This is intended as a follow-on to Stuart Firestein's two books, the excellent Ignorance and its sequel, Failure, which cut through some of the myths about the nature of science and how it's not so much about facts as about what we don't know and how we search for explanations. The authors of Uncertainty do pretty much what they set out to do in explaining the significance of uncertainty and why it can make it difficult to present scientific findings to the public, who expect black-and-white facts, not grey probabilities, which can seem to some like dithering.

However, I didn't get on awfully well with the book. A minor issue was the size - it was just too physically small to hold comfortably, which was irritating. More significantly, it felt like a magazine article that was inflated to make a book. There really was only one essential point made over and over again, with a handful of repeated examples. I want something more from a book - more context and depth - that …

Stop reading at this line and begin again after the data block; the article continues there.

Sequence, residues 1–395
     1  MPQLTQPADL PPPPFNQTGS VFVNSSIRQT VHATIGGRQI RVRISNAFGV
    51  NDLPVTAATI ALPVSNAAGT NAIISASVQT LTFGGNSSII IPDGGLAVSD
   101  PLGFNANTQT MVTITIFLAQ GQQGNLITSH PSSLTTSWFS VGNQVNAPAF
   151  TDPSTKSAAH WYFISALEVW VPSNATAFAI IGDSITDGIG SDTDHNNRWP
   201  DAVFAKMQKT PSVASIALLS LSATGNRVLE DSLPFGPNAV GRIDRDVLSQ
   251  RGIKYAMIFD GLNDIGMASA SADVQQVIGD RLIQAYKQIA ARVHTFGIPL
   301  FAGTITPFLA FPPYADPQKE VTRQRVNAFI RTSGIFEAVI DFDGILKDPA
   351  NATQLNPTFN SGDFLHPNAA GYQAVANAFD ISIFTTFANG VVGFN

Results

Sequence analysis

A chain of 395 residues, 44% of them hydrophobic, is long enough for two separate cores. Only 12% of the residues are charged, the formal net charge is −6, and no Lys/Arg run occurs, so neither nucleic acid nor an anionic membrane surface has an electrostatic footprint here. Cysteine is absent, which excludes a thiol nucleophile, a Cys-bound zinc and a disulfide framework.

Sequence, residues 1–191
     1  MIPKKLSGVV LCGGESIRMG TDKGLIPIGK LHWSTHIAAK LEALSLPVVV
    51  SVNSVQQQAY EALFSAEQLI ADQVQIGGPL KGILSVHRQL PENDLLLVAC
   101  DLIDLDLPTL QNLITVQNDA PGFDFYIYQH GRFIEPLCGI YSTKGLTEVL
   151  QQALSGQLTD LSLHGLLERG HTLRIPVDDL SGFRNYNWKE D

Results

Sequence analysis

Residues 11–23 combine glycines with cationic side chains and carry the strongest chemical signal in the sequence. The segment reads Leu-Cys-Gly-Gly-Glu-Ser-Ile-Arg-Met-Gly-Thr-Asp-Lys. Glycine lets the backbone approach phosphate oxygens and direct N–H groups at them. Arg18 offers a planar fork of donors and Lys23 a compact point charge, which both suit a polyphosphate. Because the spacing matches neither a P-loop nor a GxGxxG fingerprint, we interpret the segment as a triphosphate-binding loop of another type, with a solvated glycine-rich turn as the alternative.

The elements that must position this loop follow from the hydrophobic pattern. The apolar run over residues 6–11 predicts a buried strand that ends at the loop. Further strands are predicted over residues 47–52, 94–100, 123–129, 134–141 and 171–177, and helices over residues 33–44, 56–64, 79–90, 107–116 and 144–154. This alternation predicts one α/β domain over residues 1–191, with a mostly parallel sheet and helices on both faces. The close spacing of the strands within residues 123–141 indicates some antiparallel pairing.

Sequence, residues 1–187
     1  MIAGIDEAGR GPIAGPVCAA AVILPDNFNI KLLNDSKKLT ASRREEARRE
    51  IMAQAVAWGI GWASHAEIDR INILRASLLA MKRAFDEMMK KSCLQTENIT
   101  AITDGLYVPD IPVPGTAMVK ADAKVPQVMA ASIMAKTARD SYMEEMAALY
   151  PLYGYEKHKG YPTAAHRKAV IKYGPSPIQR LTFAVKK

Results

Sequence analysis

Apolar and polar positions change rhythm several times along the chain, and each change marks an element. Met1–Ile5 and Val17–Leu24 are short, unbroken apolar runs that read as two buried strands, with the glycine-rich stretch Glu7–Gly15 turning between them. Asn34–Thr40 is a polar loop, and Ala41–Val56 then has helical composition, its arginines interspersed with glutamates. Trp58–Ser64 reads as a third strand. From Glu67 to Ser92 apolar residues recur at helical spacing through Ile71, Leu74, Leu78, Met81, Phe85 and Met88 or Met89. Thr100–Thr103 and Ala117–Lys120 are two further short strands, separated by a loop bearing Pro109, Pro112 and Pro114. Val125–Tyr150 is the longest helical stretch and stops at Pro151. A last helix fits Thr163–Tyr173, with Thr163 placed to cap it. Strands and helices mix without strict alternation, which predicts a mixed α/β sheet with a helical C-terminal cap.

Where are the chemistry popular science books?

by Brian Clegg
There has never been more emphasis on the importance of public engagement. We need both to encourage a deeper interest in science and to counter anti-scientific views that seem to go hand-in-hand with some types of politics. Getting the public interested in science both helps recruit new scientists of the future and spreads an understanding of why an area of scientific research deserves funding. Yet it is possible that chemistry lags behind the other sciences in outreach. As a science writer, and editor of this website, I believe that chemistry is under-represented in popular science. I'd like to establish if this is the case, if so why it is happening - and what can be done to change things. 


An easy straw poll is provided by the topic tags on the site. At the time of writing, there are 22 books under 'chemistry' as opposed to 97 maths, 126 biology and 182 physics. The distribution is inevitably influenced by editorial bias - but as the editor, I can confirm …